Jonathan Moylan to be sentenced this Friday, faces 10 years prison for hoax press release
When: Friday 11 July, supporters will gather outside the Supreme Court of NSW from 9am.
Where: Supreme Court of NSW, 184 Phillip St, Sydney.
Media Contact: Rick Laird, Maules Creek farmer, is available for comment. Call Nicola Paris on 0422 990 040 to arrange an interview and for further information.
Rick Laird is a farmer from Maules Creek. His family has been farming in the district for more than 150 years, but the future of their farms is now under threat from Whitehaven’s ANZ-funded Maules Creek coal mine. Rick will travel from Maules Creek with his brothers, also farmers from Maules Creek, to support Jonathan Moylan at court on Friday.
Jonathan Moylan will not be available for comment before sentencing. His availability to comment after sentencing is dependent upon the sentence handed down.
ANZ provides a $1.2 billion loan facility to Whitehaven Coal, primarily intended to develop the Maules Creek Coal Project. The Maules Creek Coal Project is a new open-cut coal mining project being developed in Leard State Forest and adjacent farm land near Maules Creek in north west NSW.
Leard State Forest is located between Narrabri and Boggabri, it includes the most extensive and intact stands of the nationally-listed and critically endangered Box-Gum Woodland remaining on the Australian continent. The forest is home to 396 species of plants and animals and includes habitat for 34 threatened species and several endangered ecological communities.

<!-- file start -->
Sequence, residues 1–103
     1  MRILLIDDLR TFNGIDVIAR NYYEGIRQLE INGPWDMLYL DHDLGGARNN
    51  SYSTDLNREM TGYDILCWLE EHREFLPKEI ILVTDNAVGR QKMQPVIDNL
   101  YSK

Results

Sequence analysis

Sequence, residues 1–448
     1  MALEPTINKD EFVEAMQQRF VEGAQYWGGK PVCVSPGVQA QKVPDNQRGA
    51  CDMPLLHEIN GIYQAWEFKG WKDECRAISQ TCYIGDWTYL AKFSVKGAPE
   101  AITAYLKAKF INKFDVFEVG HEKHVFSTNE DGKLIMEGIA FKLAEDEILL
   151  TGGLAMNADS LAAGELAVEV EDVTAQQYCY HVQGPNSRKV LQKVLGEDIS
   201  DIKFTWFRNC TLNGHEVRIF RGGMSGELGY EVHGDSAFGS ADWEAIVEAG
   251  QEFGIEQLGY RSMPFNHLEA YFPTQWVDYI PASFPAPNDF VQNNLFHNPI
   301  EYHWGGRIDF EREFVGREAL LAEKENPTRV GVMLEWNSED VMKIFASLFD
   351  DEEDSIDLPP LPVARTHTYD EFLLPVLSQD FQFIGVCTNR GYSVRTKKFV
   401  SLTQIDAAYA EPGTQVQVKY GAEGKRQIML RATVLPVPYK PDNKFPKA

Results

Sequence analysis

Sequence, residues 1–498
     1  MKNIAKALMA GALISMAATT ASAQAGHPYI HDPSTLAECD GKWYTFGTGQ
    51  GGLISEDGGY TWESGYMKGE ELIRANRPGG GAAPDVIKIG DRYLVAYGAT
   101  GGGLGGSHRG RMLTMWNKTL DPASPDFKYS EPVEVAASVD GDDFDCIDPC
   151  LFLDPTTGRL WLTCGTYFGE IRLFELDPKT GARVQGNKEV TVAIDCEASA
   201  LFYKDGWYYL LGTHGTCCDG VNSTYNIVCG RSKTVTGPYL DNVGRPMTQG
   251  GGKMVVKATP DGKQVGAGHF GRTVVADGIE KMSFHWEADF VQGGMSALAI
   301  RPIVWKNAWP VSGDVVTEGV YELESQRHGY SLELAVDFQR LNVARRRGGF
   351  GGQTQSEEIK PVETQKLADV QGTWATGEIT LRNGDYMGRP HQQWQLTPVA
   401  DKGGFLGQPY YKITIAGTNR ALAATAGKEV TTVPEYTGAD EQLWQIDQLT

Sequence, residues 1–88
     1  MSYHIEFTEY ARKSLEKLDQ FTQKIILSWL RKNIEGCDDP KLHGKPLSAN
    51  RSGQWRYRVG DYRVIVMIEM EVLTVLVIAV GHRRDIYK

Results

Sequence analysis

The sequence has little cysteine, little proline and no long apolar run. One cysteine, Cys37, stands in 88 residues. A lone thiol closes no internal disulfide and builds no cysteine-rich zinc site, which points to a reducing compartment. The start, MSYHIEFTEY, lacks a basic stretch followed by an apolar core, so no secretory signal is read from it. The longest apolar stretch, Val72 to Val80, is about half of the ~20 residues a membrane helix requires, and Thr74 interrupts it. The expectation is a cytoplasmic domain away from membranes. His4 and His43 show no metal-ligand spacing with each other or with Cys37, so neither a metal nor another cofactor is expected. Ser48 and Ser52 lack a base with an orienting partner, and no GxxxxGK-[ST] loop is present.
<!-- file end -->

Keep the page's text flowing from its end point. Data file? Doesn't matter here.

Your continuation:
The Maules Creek Coal Project is approved to extract up to 13 million tonnes of coal annually and is estimated to produce 30 million tonnes of CO2 equivalent per year. The mine is expected to operate for more than 30 years. The coal will be railed from the mine in north west NSW to the port of Newcastle for export. The coal mine project boundary is approximately 5 kilometres from the Maules Creek township.
Maules Creek farmer Rick Laird speaking in support of Jonathan Moylan at a court hearing last year told media: “We’ve been fighting these mines for years, and people are finally starting to hear about it. You’re only given limited ways to challenge mine proposals, and they get approved anyway, even if it means the end of a community. If these mines go ahead, it’s the end of our livelihoods. We won’t be able to farm the land and we worry about the impact of coal dust on our health. The Maules Creek community stands with Jono.”
Source: Stand with Jono campaign press release via mail chimp.